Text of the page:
When you're 16 years old, life moves at a fast pace. Your mouth writes checks your proverbial butt can't cash, your vast amount of assumed knowledge is light years ahead of your actual knowledge, and dreams run much wilder than your wallet. Yet there is light at the end of the tunnel. For most things come full circle and eventually meet at an equal playing ground. On that ground dreams become reality. For Clayton Lashley his dreams and vision met head on when he turned 63 years old.
Growing up, Clayton's dad taught him to drive in his '56 Ford F-100. As Clayton cruised the streets of the Midwest his mind often drifted towards vivid visions of customizing the old man's truck. However, Clayton's pocketbook and skill didn't quite see eye-to-eye with Dad. In light of his misfortunes Clayton had no choice but to wait his turn. Years later-many years later-this '53 F-100 edged its way into the picture for $250! From that point on, Clayton set out to build the Ford that his 16-year-old self wanted back in 1962.
Not only did the look of the Ford need to match Clayton's '60's vision, but the ingenuity needed to as well. Instead of opting to take the chassis into the 21st century Clayton was content to stay in 1962. To bring the nose down to the appropriate stance Clayton installed a 2-inch drop axle with a reversed eyelet spring. The front axle was also moved forward 11/4 inches to satisfy Clayton's vision for the front wheelwell opening. The only feature out of place on the chassis are the '70 Chevy disc brakes mounted at opposing ends of the axle, but Clayton figured he'd sacrifice a bit of nostalgia for safety. In the rear, Clayton picked up a '57 Ford station wagon 9-inch with 3.70 gears. Coupled with the new 9-inch is a set of de-arched '80 Chevy leaf springs.
When it came to power, Clayton asked himself what would he have done in 1962? The answer was to set out and hit the junkyards looking for a Hemi, Cadillac, or Oldsmobile engine; therefore he followed his 16-year-old mind-set. What he found was 331 cubic inches of Chrysler Imperial Hemi power. Clayton had the Hemi bored 0.030 over, and from there installed a set of Egge 9:1 pistons with Sealed Power rings. At the heart of the motor lies an Isky 270 Mega cam with a max lift and duration of 0.450 inch and 220 degrees. Atop the Hemi sits an aluminum hi-rise intake manifold with a 600-cfm Holley carburetor. Various '60's-era speed parts meandered their way into the engine bay, including an original Moon fuel block, finned breather cap, and a chrome "helmet" air cleaner. Mated to the 331 Hemi is a Chevy 700-R4 tranny with a 2,200-stall converter. Combine the overdrive tranny with the 350-horse Hemi and not only is the Ford good for light-to-light action, but long hauls are just as efficient.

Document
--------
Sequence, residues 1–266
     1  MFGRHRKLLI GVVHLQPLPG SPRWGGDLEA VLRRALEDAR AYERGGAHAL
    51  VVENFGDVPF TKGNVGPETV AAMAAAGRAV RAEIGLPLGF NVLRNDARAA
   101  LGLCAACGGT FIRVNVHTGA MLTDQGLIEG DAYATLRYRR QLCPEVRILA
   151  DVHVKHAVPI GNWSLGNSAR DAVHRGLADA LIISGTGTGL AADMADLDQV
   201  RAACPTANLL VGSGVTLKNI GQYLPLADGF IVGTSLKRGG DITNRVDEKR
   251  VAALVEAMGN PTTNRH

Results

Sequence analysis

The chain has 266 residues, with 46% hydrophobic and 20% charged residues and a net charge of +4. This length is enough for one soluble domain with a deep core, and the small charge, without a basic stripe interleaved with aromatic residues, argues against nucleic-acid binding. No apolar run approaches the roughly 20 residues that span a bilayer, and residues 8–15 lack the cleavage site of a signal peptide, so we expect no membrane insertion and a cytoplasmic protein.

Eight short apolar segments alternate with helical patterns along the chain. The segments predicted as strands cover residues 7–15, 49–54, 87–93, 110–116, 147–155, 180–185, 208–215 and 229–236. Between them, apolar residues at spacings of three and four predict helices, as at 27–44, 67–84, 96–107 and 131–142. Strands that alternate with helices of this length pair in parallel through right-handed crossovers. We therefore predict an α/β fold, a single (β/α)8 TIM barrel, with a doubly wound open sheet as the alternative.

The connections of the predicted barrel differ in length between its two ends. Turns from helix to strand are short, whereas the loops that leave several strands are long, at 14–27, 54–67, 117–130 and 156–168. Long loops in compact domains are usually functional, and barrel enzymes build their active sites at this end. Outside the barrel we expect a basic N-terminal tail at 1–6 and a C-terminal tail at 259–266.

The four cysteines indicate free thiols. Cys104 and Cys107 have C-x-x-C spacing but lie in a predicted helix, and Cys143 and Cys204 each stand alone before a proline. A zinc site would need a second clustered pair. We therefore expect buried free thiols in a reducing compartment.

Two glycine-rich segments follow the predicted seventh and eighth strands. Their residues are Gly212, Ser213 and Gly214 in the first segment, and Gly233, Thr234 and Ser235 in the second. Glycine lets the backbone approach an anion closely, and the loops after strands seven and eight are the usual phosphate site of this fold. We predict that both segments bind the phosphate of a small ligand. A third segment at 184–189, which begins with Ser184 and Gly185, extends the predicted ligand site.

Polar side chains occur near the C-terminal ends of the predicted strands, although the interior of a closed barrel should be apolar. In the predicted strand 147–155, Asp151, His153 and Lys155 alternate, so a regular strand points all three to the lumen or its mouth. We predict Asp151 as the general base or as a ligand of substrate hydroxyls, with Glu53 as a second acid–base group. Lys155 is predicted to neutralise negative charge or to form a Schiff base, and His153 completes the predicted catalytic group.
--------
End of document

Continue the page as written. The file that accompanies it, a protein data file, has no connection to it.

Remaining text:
From the day Clayton entered the hot rod world he has dabbled in several genres. Whether it's hot rods, customs, or race cars Clayton has found himself knee deep in the throes of all. Pulling bits and pieces of each genre he conjured up the exterior look of his '53. For starters, an inch was taken from the A-pillars for a more streamlined look. Matching the newly reshaped top is the pie-cut hood, which also received a 1-inch slice. Another subtle look up front are the reshaped front fenders. Clayton added 11/2 inches to the rear of the front fender openings for a more symmetrical look. Next, all the door corners were rounded and the vent windows were removed. In the rear, the stake pockets were filled, the edges were rounded, the tailgate chains were removed, and various other little tweaks were performed as well. The key focal points of the bed are the '37 Ford taillights with the custom mounts and the "FirePower" logo from a Hemi valve cover inserted in the tailgate's skin.
With the metalwork finished Clayton was at a loss for color, but Clayton's wife had it all figured out for him, Hugger Orange. As it turned out the color struck a chord with Clayton so he filled up his gun with PPG Hugger Orange. Clayton then called pinstriper Ron Myers to lay down some lines for a distinguished, and period correct, look. The stock Ford rims were painted to match the exterior and outfitted with Spider caps and beauty rings. Finishing things off are a set of whitewalls, 215/70/15s in the front and 265/75/15s in the rear.
Inside the cab Clayton wasted no opportunities to be creative. He started with the dash. Clayton began by smoothing the dash and installing a '62 Ford Fairlane dashpod. Still, something was missing; therefore Clayton built a custom set of awnings to hang over the gauges. Nestled under the Fairlane cluster is a '60 Oldsmobile steering column and wheel painted black and off-white to match the interior colors. Under the dash Clayton installed a '61 Ford hanging pedal assembly. Providing heat and air to the cab of the '53 is a Nostalgia Air unit. Action Auto Trim, in Midwest City, Oklahoma, upholstered the interior in black and white rolls-and-pleats, and they finished the job off with a custom Hugger Orange tonneau cover. It may be a few years after that initial revelation, but as the old saying goes, it truly is better late than never!